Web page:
Dec 13, 2014 - CALGARY CASE PAVED THE ROAD FOR CANADA'S DRUNK DRIVING LAWS

Christmas, when the only acceptable red-nosed driver is the one leading Santa’s sleigh.

Actually, make that any season.

These days, drinking and driving is as socially popular as mistletoe at a cold sore clinic, and legally, it’s a fast-track to a suspended licence — and much worse, if you manage to hurt or kill someone while impaired at the wheel.

It wasn’t always the case. In the early days of motorized transport, being drunk behind the wheel was a misdemeanour at best, similar to being caught without a seatbelt now.

You might have to pay a small fine or endure a firm finger-wagging from the police, but with no legal definition of drunk in use anywhere in North America, you’d literally have to be weaving all over the road to even risk being pulled over.

It took tragedy to change that attitude.

For Canada, that tragedy took place in Calgary on the evening of Aug. 4, 1920, when a pedestrian named Mary Campbell stepped off the curb at 11 Ave. and 1 St. S.W., and was immediately run down by a powerful Nash motorcar, speeding along at the illegal pace of 50 km/h.

Campbell, the wife of William Campbell, died instantly, the violent and gruesome impact witnessed by off-duty police constable A.J. Smith, who described the car bouncing to-and-fro as it continued up 11 Ave. with the victim trapped underneath.

Campbell was thrown clear a few feet later, and the plain-clothed cop ran over to help — but it was too late. The 57-year-old Salvation Army worker had suffered fatal injuries to her head and body, and was beyond medical attention.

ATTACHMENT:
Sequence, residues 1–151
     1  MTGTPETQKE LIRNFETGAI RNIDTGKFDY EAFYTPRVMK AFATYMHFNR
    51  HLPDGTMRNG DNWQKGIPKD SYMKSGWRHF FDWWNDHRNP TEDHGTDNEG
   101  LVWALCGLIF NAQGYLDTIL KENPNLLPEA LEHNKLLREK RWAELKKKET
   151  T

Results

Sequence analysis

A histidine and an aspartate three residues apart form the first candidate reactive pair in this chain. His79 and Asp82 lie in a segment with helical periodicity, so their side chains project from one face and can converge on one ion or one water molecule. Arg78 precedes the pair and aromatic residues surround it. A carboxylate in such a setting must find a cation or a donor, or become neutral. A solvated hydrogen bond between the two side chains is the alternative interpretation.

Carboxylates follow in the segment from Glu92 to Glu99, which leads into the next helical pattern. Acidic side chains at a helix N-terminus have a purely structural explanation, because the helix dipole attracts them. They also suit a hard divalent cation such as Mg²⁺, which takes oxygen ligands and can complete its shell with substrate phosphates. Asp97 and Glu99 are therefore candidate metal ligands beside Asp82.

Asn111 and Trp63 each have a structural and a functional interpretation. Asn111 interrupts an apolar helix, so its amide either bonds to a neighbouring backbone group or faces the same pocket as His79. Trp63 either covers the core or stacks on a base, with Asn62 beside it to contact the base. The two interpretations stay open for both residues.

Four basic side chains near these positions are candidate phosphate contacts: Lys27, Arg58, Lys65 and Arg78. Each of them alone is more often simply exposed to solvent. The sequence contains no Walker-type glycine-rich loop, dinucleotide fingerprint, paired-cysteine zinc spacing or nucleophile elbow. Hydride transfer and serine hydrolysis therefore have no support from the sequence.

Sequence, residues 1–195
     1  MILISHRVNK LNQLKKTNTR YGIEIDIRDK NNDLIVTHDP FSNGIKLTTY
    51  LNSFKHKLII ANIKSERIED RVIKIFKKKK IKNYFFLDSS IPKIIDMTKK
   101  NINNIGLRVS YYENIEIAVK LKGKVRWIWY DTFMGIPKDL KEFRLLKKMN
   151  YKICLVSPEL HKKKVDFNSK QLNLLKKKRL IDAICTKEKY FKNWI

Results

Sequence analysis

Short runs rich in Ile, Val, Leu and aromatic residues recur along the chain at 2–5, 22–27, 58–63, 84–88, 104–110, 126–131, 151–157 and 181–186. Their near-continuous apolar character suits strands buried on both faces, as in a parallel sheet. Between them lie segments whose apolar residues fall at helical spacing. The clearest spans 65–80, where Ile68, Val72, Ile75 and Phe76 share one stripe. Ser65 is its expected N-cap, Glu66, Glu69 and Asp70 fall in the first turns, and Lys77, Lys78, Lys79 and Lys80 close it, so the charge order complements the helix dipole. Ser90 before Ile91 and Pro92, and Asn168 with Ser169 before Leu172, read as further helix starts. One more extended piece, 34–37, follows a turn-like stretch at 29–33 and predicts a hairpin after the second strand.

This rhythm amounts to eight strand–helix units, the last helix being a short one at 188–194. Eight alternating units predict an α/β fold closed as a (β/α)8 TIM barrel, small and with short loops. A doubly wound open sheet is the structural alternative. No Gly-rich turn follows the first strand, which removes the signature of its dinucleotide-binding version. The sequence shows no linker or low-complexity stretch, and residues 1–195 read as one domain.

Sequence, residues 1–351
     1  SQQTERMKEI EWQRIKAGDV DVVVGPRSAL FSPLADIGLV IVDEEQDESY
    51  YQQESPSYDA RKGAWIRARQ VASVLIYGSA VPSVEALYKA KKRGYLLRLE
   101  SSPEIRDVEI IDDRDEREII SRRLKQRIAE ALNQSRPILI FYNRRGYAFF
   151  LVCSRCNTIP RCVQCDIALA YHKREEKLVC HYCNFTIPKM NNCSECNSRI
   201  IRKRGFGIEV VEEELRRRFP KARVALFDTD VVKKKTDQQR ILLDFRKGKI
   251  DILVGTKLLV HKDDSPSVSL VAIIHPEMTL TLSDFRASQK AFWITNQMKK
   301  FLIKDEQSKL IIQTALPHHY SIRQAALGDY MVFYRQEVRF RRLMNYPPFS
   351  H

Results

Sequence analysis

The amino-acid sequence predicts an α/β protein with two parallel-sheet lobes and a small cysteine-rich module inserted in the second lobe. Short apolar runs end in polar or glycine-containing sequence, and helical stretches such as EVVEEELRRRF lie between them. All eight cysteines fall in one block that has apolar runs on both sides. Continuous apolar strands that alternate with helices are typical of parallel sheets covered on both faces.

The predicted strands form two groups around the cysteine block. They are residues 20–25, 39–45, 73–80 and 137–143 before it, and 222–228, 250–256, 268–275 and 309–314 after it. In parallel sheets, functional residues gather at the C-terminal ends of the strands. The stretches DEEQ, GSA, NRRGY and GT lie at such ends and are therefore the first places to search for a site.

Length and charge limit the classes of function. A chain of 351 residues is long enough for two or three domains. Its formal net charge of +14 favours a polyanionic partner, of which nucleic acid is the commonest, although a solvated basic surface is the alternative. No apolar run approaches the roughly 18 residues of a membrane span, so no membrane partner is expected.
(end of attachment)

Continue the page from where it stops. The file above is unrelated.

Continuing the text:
The car, which witnesses described as speeding and swerving before the crash, stopped further up the block — but when Smith approached, the apparently drunken driver refused to believe the plain-suited man was a cop.

As Smith tried to enter the car, the driver swore at the officer and sped away.

“I am sure the man was intoxicated at the time of the accident,” the constable said in his report.

Arrested at his home a short time later, the allegedly pickled driver turned out to be Stanton A. Nickle, a member of the affluent Nickle family, best known then for their shoe-factory roots in Winnipeg.

Police charged Nickle with manslaughter, and the Crown made history in steering the charge into uncharted legal territory.

The court was asked to consider the driver’s apparent drunkeness as a factor in a conviction, because drunk driving is illegal, and therefore automatic proof of his negligence.

It was the first time impaired driving had been linked to criminal activity in Canada, and the case made headlines, both for involving a prominent citizen and for taking drunk driving to a new level legally.

The judge said it would be up to a higher court to determine if driving drunk amounted to criminal negligence, but in the meantime, he couldn’t convict Nickle, because simply driving drunk wasn’t sufficient proof he intended to hurt anyone. Case dismissed.

But Nickle’s freedom was short lived, and on Dec. 15, 1920, Alberta’s supreme court made the ruling that changed drunk driving laws in Canada forever, while ordering a new trial for Stanton A. Nickle.

“If the accused was, in fact, drunk when he drove the automobile against the deceased, then, even though they (the jury) might think that even while drunk he was driving with reasonable care (which of course is a possible thing), still they should convict him of manslaughter because in driving an automobile while drunk he was guilty of an unlawful act,” reads the ruling.

In other words, choosing to break the law by driving drunk is criminal negligence — a historic ruling, which soon spurred changes in the law across Canada, including a 1921 federal decision to make “driving while intoxicated” a summary offence under the Criminal Code.

As for Nickle’s fate, it was two years in jail, but for manslaughter due to negligent speeding, rather than drunk driving.

The judge in his retrial said there just wasn’t enough proof that Nickle had been drinking.

But the Supreme Court had already ruled — and though breath tests and a no-tolerance attitude towards drinking and driving was still many decades away, the death of Mary Campbell meant no drunk in Canada would ever feel totally numb to the law again.

Source: Calgary Sun


 

Last updated on: 2014-12-23 | Link to this post